A confluence of recent events, some of them coincidental, have put David Lynch on my mind. The latest of these was the release of his new music video (yes, a music video), of which the least I can say is that it’s appropriately titled. All of this just brings back my ambivalent feelings about the career arc of a man who was once my favorite filmmaker.
There was a time – actually, quite a long time – where I was a rabid David Lynch fan. I’ve mentioned enough in this blog that, despite its reputation as a notorious flop, the director’s sci-fi epic ‘Dune‘ is still my favorite movie. (You can click on over to my review if you need to read my defense of that film.) Beyond that were also his masterpiece ‘Blue Velvet‘ and his seminal TV series ‘Twin Peaks’. Even when I didn’t like something Lynch had made (I have mixed feelings about ‘Wild at Heart’, and his sit-com ‘On the Air’ was kind of a dud), I still always managed to find something interesting in the work.
By any rational measure, ‘Mulholland Drive’, released in 2001, was Lynch’s last great film. He even scored a second Oscar nomination for it. While I liked the movie a lot, it also struck me as being largely derivative of his earlier ‘Lost Highway’. The ending of ‘Mulholland Drive’ felt as if, in his desperation to cobble his failed TV pilot into a feature film, the director had reached into his old bag of tricks to throw something together. That left a sour taste in my mouth, but I still managed to find much to appreciate about the movie.
Unfortunately, Lynch went off the rails not long after that. Rather than focus on another feature, he instead began wasting time putzing around on his personal web site and getting lost in his own head. During this time, he made a lot of terrible short films and web series. He also forsook 35mm photography for cruddy-quality DV. The culmination of this time was the disastrous three-hour ‘Inland Empire’ in 2008. The shockingly-inept movie played like a high-schooler’s parody of what a David Lynch film should be. The utter failure of ‘Inland Empire’ seemed to signal the end of a once-great artist.
After that, I largely tried to put the downfall of David Lynch out of my mind. Revisiting ‘Blue Velvet’ on Blu-ray late last year reminded me of the better days, when I still considered him a genius. However, while cleaning my home theater room a few weeks ago, I found a DVD that I didn’t even realize I owned – something called ‘Room to Dream: David Lynch and the Independent Filmmaker’. I have no memory of purchasing or obtaining this disc. I had never even broken the seal on the cardboard sleeve.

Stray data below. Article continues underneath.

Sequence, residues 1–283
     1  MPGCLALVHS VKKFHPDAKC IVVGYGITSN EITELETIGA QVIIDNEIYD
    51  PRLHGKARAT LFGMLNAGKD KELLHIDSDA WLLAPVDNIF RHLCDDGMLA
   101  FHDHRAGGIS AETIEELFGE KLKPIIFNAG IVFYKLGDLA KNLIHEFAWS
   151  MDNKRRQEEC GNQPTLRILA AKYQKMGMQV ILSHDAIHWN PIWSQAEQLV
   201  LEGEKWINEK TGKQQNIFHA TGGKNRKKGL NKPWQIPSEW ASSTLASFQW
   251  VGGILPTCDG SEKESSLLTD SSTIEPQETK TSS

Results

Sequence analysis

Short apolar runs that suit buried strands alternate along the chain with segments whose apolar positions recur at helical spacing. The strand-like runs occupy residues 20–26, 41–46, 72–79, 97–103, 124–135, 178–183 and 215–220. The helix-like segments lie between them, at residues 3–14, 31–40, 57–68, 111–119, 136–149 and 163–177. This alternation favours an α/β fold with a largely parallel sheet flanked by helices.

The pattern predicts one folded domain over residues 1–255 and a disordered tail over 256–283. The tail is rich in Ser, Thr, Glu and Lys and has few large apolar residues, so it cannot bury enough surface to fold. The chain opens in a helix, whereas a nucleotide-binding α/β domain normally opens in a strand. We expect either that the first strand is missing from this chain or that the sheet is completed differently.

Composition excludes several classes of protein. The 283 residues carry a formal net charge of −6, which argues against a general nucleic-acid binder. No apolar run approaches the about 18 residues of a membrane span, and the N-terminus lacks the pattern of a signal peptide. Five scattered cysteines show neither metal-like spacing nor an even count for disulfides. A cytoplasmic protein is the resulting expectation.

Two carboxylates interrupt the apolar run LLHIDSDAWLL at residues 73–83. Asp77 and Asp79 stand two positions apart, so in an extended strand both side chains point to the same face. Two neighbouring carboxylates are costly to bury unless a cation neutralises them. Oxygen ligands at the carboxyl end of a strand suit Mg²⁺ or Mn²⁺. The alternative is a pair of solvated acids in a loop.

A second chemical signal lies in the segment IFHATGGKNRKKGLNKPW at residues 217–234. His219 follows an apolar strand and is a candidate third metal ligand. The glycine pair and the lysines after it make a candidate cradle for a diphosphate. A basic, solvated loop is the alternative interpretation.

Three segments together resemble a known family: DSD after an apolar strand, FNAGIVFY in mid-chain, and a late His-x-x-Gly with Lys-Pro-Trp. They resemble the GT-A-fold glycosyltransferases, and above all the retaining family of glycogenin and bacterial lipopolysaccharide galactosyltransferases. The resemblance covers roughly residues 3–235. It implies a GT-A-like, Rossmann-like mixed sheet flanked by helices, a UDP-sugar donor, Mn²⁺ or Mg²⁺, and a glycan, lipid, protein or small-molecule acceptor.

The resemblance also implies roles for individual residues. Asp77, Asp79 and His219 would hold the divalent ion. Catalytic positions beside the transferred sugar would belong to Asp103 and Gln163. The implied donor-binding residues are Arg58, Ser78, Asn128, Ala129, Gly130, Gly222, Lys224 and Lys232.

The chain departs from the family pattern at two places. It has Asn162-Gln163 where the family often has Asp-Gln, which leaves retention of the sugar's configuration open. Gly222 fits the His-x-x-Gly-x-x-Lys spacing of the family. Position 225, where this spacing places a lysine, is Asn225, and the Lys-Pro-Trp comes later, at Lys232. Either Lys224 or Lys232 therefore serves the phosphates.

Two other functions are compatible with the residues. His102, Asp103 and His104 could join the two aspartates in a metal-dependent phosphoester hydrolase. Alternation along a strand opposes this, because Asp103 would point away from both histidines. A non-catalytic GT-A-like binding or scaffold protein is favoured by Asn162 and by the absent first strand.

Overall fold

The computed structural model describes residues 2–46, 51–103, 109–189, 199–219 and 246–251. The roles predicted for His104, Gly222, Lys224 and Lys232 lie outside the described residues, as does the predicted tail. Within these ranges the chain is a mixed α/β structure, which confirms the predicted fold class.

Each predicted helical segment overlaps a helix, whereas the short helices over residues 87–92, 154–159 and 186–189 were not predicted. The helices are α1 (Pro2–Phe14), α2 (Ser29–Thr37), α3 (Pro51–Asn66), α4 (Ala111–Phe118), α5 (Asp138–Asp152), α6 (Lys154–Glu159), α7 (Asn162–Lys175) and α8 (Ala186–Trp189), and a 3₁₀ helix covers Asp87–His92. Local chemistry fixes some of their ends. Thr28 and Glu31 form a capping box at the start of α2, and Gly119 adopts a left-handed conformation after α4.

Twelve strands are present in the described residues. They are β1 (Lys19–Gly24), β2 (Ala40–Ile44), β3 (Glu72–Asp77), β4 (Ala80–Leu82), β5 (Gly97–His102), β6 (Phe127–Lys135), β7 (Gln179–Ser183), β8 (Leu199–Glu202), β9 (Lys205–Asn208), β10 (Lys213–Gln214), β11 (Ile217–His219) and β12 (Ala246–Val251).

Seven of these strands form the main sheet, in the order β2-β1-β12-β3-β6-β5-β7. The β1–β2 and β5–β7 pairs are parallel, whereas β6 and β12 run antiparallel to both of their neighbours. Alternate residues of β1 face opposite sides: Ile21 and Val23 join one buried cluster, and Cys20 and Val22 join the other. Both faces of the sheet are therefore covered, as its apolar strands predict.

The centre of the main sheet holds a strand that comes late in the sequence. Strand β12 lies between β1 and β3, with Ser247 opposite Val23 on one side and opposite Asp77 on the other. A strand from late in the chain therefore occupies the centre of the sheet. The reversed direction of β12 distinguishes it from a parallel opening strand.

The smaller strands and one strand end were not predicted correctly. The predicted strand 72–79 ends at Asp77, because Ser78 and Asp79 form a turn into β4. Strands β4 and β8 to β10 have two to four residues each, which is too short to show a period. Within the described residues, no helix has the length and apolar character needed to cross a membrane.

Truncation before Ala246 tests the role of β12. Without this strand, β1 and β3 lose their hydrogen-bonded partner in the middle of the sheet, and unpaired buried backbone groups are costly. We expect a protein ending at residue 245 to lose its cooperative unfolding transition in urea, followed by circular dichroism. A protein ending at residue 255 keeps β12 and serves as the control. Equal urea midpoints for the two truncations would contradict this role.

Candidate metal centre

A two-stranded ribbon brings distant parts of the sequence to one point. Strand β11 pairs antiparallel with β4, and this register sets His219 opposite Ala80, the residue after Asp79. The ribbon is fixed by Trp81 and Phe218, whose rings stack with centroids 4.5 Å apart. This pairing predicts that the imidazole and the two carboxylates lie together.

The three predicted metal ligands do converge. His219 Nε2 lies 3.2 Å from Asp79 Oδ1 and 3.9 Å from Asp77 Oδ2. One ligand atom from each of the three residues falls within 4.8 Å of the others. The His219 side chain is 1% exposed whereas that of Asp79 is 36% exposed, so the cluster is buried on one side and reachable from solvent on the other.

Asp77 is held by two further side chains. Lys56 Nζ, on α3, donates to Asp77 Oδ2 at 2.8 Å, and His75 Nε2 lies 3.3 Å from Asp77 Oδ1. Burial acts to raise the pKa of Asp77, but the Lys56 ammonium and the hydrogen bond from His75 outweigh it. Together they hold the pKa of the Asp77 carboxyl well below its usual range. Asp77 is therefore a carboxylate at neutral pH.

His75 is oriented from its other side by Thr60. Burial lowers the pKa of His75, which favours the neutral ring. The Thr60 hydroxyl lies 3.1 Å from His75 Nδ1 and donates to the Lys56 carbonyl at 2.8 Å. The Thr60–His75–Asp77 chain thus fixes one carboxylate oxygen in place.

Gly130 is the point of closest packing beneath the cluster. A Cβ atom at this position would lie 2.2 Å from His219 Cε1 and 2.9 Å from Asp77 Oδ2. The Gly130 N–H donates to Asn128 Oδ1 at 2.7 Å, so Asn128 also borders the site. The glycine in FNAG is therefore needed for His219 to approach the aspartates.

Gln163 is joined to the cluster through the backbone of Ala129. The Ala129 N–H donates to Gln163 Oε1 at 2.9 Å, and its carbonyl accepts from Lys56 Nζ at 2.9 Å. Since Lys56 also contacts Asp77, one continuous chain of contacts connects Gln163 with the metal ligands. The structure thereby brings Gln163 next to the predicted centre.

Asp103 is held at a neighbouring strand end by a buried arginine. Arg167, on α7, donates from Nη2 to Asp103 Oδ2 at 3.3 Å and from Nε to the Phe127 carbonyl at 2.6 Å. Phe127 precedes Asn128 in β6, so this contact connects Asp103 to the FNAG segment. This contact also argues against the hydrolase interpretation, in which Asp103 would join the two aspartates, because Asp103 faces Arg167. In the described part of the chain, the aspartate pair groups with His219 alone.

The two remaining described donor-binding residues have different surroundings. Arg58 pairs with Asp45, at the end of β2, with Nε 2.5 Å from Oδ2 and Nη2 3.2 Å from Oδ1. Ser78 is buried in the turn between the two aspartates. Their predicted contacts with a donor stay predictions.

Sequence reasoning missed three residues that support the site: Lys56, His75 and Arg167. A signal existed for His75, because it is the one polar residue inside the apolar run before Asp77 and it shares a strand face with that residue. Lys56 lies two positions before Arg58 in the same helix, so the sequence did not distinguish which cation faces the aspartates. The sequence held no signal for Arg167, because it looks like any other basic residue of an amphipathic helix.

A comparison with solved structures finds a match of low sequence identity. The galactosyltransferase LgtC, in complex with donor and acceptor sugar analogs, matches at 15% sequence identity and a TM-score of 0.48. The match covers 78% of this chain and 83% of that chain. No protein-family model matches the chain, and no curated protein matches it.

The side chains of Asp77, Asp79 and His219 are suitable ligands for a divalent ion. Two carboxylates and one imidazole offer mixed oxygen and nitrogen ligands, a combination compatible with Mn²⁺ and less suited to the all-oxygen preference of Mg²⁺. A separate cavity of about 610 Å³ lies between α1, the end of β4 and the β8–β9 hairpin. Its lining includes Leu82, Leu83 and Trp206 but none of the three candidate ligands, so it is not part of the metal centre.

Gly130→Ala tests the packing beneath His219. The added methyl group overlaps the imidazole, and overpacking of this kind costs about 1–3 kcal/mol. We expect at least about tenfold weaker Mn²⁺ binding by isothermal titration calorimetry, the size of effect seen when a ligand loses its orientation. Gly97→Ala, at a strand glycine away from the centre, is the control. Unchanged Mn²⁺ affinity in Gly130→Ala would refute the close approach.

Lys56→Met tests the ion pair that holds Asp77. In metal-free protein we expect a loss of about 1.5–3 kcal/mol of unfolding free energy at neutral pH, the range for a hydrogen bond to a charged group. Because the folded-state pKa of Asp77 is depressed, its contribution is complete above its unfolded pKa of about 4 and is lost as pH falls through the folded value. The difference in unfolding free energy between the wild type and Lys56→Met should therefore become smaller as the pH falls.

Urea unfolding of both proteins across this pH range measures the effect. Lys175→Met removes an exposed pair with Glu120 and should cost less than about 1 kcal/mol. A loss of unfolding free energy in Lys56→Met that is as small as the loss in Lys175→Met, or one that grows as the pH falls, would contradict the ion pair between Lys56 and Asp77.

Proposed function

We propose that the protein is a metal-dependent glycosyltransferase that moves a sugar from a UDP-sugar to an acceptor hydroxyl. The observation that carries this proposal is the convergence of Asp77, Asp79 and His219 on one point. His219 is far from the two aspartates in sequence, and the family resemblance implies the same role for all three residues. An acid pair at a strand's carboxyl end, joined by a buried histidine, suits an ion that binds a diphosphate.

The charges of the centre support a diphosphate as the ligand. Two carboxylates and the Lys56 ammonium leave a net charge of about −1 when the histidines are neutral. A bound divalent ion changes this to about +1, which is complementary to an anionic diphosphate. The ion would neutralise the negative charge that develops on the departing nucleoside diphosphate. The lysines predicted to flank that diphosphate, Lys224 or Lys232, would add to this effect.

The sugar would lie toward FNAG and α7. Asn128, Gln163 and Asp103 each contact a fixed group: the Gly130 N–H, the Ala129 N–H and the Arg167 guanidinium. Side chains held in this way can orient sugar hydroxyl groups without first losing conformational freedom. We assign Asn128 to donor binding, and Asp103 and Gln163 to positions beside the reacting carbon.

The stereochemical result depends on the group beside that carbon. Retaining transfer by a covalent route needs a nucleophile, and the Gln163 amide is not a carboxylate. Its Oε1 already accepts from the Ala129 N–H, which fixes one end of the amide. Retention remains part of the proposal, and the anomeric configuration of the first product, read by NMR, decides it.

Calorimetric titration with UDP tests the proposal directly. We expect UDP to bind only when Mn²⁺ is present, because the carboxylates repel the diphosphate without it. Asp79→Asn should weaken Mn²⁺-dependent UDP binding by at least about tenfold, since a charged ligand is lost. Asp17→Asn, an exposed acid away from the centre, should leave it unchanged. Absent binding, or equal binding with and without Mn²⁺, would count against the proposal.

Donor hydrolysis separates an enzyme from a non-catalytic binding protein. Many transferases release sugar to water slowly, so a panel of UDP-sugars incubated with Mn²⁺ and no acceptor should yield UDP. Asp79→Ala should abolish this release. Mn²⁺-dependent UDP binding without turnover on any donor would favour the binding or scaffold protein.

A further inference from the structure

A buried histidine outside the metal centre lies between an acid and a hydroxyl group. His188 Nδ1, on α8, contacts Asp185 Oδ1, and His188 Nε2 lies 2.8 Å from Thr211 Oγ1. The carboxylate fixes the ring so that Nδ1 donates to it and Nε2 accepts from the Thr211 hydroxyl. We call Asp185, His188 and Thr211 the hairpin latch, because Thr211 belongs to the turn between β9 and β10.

The disc appears to be a promotional item put out by Avid Technology, Inc., makers of digital editing equipment widely used by the filmmaking community. The copyright date on the sleeve says 2005. The centerpiece of the content is a 20-minute interview, described as “a glimpse into the creative mind of David Lynch.” In it, the director talks a bit about his personal and career history, and then spends a lot of time proclaiming his newfound love for shooting on handheld DV. We see some behind-the-scenes footage of a scene he was shooting at the time, where Lynch is surrounded by a crew of what seem to be college interns.
This is followed by a six-minute presentation of that scene, in awful-quality 4:3 letterbox video. Three people sit in lawn chairs, yell at each other for no reason, and then start singing. The scene is embarrassingly amateurish, with porn-level acting. Lynch’s treasured DV photography looks like a bad home movie. Watching this just reminded me of Lynch’s fall from grace, and made me really depressed.
(Other contents of the DVD amount to a straight-up informercial for Avid, hosted by some douchebag who claims to be an indie filmmaker but who is clearly a paid actor.)
Seemingly timed specifically to pull me out of my funk, Universal recently announced the release of several of Lynch’s earlier films on Blu-ray in the UK: ‘Eraserhead’, ‘Dune’, Blue Velvet’, ‘Wild at Heart’, ‘Twin Peaks: Fire Walk With Me’ and ‘Lost Highway’. I had initially planned to import all of these except ‘Blue Velvet’, which I already have the domestic edition for. (Also, the UK disc will not include the movie’s deleted scenes.) But then Universal went and bundled them together into this very handsome box, which I can’t resist.
The UK Blu-rays are scheduled for release on June 4th, and can be ordered from Amazon UK. While region-coding details have not yet been clarified, Universal’s Blu-rays are usually region-free. (In any case, I have a region-free player.)
So, all of that brings us to Lynch’s brand new, 7-minute music video, called “Crazy Clown Time.” It’s… well, you can watch it for yourself. Be warned that this is not safe for work.
I… actually don’t think I hate it. Maybe? I’m honestly not sure. I mean, I don’t even know what to say about this. I’m sure that anyone coming at the video fresh without a background in David Lynch would probably think that it’s utterly bonkers. And even those who are, or have been, Lynch fans may consider this to fall into that realm of bad self-parody. Lynch’s singing is indisputably awful. There’s no way around that. But, even so, parts of this remind me a lot of ‘Industrial Symphony’ and the famous “Pink Room” scene in ‘Fire Walk With Me’. It’s kind of hypnotic. Maybe it’s terrible. Maybe it’s the best thing he’s made in years. I have no idea how to process this. Ultimately, that may be a good thing. At least I’m trying to process it, which is more effort than I gave the entire three hours of ‘Inland Empire’.
[Music video via Wired]